We kicked off our top 25 list today, but unfortunately, it's only a top 25 list.
Narrowing it down was incredibly difficult, and there were a ton of talents that didn't quite make the cut.
For that, I'm sorry. I legitimately feel awful about all of them.
Every guy on this list is a top-25 caliber player who just couldn't get inside my list. If somebody else made one, I'd be fine with them being on it. But this time, they didn't make mine. There are a lot of great players in this league, and I could only recognize 25.
But here are the rest who came so, so close, in no particular order.
Rodney Stewart, RB, Colorado: Rushed for 1,316 yards to rank third in the Big 12. My biggest reason for leaving him off? His 4.54 yards per carry ranks 17th in the Big 12. He got it done this year, but he got 290 carries to do it. Other backs were more deserving.
Ricky Henry, OG, Nebraska: Nebraska's running offense was fearsome early this year, and despite some late struggles, still finished No. 1 in the Big 12. Henry was a big reason why, but other linemen slid on the list before him.
Jimmy Smith, CB, Colorado: His 68 tackles were second on the team, and he broke up four passes, but it was hard to put Smith on the list over the cornerbacks who made it, even though the position is extremely important in the Big 12.
Roy Helu Jr., RB, Nebraska : Helu finished with another 1,000-yard season, but I didn't have very many running backs on the list. Helu had a great year, and I don't mean this as a knock on him, but I was more impressed with his 1,145 yards last year without much help. Defenses spent so much time defending Taylor Martinez, holes for Helu formed that weren't there in 2009.
T.J. Moe, WR, Missouri: Moe has my title as the toughest cover in the Big 12, and his time in the top 25 is coming. Just not yet.
Kendall Wright, WR, Baylor: Wright's production might have been higher had Baylor not found other receivers to give Robert Griffin III some help, but other emerging receivers pushed Wright off the list after he made our preseason list.
Colby Whitlock, DT, Texas Tech: Whitlock had a nice year with 57 stops and two tackles for loss, but it wasn't a great year for defensive tackles in the Big 12.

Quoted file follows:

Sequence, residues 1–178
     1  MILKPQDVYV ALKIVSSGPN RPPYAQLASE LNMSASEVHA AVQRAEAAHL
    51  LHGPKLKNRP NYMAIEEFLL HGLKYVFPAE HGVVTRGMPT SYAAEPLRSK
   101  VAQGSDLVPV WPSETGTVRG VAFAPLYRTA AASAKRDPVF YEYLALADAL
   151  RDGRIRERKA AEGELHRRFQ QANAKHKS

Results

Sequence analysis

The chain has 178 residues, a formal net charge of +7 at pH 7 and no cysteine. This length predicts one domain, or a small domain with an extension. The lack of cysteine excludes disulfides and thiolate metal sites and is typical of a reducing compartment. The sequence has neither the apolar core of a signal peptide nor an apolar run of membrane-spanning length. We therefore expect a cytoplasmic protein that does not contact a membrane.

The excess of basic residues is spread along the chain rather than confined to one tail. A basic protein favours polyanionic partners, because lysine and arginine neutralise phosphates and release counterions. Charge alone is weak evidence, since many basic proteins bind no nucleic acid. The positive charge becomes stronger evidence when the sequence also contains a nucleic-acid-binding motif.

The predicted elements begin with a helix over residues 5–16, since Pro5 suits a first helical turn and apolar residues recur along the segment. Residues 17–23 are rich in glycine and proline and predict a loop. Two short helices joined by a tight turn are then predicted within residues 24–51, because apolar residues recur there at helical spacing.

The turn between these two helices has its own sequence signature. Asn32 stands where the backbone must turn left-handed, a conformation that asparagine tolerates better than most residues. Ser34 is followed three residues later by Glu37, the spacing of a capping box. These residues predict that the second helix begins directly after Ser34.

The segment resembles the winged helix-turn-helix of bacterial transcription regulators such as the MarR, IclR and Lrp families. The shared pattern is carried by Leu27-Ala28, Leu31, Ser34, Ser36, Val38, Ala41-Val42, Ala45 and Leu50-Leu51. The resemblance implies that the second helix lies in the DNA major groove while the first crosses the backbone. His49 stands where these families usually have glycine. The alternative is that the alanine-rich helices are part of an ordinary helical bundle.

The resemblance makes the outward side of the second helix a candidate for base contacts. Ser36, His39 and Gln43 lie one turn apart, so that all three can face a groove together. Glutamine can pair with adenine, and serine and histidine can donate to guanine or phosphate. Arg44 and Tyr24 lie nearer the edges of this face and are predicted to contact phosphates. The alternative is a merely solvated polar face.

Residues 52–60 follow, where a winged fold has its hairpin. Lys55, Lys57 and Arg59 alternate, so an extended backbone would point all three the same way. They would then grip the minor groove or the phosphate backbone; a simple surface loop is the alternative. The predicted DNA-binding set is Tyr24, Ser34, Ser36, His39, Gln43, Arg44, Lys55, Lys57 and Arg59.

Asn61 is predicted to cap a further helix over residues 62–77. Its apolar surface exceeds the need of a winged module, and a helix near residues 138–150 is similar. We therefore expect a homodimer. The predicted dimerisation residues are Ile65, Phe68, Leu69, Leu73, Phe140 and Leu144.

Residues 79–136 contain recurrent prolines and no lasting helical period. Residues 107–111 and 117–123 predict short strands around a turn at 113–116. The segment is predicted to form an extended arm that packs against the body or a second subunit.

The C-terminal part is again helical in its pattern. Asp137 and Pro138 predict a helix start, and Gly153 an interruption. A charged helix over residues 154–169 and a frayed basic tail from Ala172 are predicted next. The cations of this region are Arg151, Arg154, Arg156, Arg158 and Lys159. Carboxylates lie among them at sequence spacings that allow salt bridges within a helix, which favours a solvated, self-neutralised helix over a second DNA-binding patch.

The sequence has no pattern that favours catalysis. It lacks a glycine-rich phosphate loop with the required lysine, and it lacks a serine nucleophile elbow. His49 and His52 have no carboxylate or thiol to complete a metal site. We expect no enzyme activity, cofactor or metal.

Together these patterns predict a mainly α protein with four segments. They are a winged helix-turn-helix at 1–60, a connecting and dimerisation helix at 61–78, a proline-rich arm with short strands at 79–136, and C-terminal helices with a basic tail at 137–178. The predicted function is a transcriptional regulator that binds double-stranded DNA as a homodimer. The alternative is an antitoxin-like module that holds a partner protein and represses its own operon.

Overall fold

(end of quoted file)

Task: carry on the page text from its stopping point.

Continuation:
Cyrus Gray, RB, Texas A&M and Jay Finley, RB, Baylor: Great years, obviously, but like I said, I just didn't put a lot of running backs on the list.
Taylor Martinez, QB, Nebraska: Never would have believed in October that he wouldn't make this list, but he wasn't a top 25 player in conference play. He works well for Nebraska in its offense, but plenty of other quarterbacks are above the freshman.
Andrew McGee, CB, Oklahoma State: Led the Big 12 in interceptions, with five, but defending the pass is about blanketing receivers, not picking off passes. That's not to say picking them off is a bad thing, but other corners were better at shutting down opposing receivers.
Jake Knott, LB, Iowa State: Racked up plenty of tackles, third in the Big 12 with 130, and he's a great player, but the book on how to beat Iowa State was out early. Running the ball against the Cyclones weak front four was effective, and opponents did it 512 times this year. Only 22 teams in college football faced more rushing attempts, and no Iowa State lineman made more than 40 tackles this year.
Michael Hodges, LB, Texas A&M: Hodges was the heart of Texas A&M's defense, and racked up 115 tackles, but other linebackers slid above him on the list.
Jamell Fleming, CB, Oklahoma: Fleming was all over the place after some early season struggles, and I wouldn't be surprised to see him on the list next year.
So, that's my list of close calls. Again, I felt terrible about not including every single one of those players, and if you want to make your own top 25 list and put them on it, they all definitely deserve it. But I can only fit 25 guys on my list, and putting one of these players on it would only mean another got snubbed.